Notes on Kite Aerial Photography: Equipment
the framed kite page.
I've grown very fond of my soft
kites and if the wind allows they are my first choice. They
establish and hold their shape with air pressure and lacking
rigid spars they are easy to set up and take down. They do like a
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The SUTTON FLOWFORM
Flowforms are self-inflated, airfoil-shaped kites that have no rigid components. They pack to a very small size and can be stabilized with a drogue or tail.
I bought my first Sutton Flowform, a small 8 square foot model, in search of a kite suitable for use in high winds. It was disappointing for this application in that it too had a tendency to pull to the side in high winds even when fitted with a substantial tail. This only happens in 20+ mph winds but then again I purchased it for precisely these conditions.
Later I decided to buy a 16 square foot model after reading Brooks Leffler's praise for this version in the Aerial Eye. The Sutton 16 has become my workhorse and I use it regularly. It is not a low wind kite and I must have about 7 mph or above for it to provide useful lift. When winds are stronger than this, and the air is clean, the Sutton 16 is a marvelous lifter. On one occasion I found myself flying (no camera) in turbulent air downwind of a grove of trees. The Sutton collapsed in a lull and fell to the earth. This, I suspect, is its greatest liability. I would avoid lifting cameras with it in particularly turbulent air.
In late 1995, Claudia gave me a Sutton 30 as a birthday gift. It seems to have the well-behaved characteristics of its Sutton 16 sibling and provides useful lift in lower wind speeds. I like this kite. More recently I've acquired a Sutton 60 and this is now my largest kite. Sometimes I need the extra lift to get the SLR Rig in the air. Suttons come in sizes all the way up to 250 square feet.
My Sutton Flowform 16 beginning its maiden flight (September 1995, 40K jpg)
This is the initial launch of my Sutton 16. It flew so solidly I was hanging a camera from it only fifteen minutes later. I've found it very easy to launch and it packs to almost pocket size - altogether an easy kite to live with.
An aerial image of the Sutton 16 in flight (September 1995, 43K jpg)
The image provides an interesting comparison of the photographic characteristics of white kite line verses black kite line. The white kite line leading to the camera-bearing rokkaku is clearly visible all the way to the ground. The black line anchoring the Sutton 16 is noticeably less visible.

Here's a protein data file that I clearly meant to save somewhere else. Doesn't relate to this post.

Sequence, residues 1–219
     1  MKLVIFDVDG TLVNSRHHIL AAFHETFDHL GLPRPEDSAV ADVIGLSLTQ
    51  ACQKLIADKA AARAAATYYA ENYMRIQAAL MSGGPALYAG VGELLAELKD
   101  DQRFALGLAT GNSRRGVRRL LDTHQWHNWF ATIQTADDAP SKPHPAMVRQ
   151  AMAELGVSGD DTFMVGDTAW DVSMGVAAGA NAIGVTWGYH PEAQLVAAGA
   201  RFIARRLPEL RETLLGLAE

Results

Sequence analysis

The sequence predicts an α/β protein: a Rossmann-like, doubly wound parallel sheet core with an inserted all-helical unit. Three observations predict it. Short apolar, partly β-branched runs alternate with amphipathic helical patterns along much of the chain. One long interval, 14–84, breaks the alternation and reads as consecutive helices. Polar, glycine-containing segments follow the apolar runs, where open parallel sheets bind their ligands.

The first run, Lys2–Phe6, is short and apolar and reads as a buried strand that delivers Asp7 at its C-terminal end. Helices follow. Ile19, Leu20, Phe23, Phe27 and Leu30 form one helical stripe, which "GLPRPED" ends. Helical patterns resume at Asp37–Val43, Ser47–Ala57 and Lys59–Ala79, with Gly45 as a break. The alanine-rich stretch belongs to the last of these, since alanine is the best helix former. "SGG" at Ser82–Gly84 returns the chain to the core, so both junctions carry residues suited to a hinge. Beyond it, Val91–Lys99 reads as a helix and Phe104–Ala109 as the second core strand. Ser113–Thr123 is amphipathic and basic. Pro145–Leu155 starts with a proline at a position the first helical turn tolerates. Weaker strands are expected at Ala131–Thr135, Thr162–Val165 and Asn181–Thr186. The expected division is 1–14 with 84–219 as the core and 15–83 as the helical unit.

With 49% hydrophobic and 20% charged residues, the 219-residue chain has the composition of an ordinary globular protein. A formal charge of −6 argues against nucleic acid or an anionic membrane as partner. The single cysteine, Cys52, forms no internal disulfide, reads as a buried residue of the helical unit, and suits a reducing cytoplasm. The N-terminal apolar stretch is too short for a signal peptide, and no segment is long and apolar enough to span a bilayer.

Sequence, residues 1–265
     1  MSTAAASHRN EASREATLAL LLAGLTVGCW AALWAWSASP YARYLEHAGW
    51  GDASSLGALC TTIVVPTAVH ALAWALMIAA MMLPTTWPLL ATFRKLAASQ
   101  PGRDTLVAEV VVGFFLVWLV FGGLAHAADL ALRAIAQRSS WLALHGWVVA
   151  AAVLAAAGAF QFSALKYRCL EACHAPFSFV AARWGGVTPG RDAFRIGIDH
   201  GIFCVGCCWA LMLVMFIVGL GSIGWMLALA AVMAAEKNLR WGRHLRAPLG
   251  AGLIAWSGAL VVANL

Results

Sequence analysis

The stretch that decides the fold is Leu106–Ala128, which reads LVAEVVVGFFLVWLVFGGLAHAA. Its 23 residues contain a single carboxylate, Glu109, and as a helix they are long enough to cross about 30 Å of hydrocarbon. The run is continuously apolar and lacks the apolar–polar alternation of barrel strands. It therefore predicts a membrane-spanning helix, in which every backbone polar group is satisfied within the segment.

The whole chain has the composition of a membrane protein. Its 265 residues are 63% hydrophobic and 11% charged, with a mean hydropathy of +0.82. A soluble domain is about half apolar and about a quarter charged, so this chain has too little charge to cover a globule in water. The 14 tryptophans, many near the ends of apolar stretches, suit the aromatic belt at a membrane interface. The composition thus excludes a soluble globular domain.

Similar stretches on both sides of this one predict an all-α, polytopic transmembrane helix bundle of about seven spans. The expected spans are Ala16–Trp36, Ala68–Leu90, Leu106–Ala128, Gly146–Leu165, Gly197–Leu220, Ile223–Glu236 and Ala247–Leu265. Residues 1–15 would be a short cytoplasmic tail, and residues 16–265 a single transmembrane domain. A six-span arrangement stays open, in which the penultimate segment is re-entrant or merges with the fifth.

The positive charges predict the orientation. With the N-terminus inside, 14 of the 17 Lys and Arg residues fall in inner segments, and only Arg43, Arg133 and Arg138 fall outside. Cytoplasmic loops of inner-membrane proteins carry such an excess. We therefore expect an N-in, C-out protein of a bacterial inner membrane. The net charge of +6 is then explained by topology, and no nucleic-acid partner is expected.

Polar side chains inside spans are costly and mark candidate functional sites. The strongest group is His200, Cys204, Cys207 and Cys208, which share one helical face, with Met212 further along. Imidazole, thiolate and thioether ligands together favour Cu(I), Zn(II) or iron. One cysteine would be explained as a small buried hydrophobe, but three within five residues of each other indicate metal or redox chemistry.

An in-flight profile view of the Sutton 16 (September 1995, 26K jpg)
This shot, like the one before it, was taken with the camera rig adjacent to the Sutton 16 (using the 7.5' rokkaku as a lifter). It shows the Sutton 16 flying above our kite testing grounds - the Berkeley Waterfront.
An ground level view of the Sutton 30 (November 1995, 26K jpg)
Like the Sutton 16, I've found the Sutton 30 to be a well behaved kite. Its larger surface area comes in handy for lifting in slightly lower wind velocities. After I developed the Canon Rebel-X carrying KAP Rig I started to use the Sutton 30 more often. It lifts this rig quite well and has remained a very pleasant kite to fly. The photo was taken at Limatour Beach, Point Reyes National Seashore.
Charlie Benton holding on to the Sutton 60 (November 1996, 35K jpg)
This is the newest kite in my quiver, purchased to provide SLR-lifting capacity in lower wind conditions. So far it has flown well - more to come as I gain experience with this model.
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My conyne deltas and Flowforms seem to benefit from the addition of a stabilizing tail. For the first few months I used a spinning windsock for this purpose and it seemed to work reasonably well. Wolfgang Bieck, during his July 1995 visit, suggested that a frilly tail would be much more effective. I made a couple of these (7 meters and 9 meters long) and they do work well. I've not used the windsock since. My page on Wolfgang Bieck describes his large multiflare kite, an effective camera lifter.
A frilly tail (after Wolfgang
(September 1995,44K jpg)
This tail is made from a 30 cm by 7 meter length of ripstop. A small strip of ripstop was sewn down the middle and strips were hot cut on both sides of this reinforcement for its entire length.
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All rights reserved. Revised: Saturday, June 26, 2010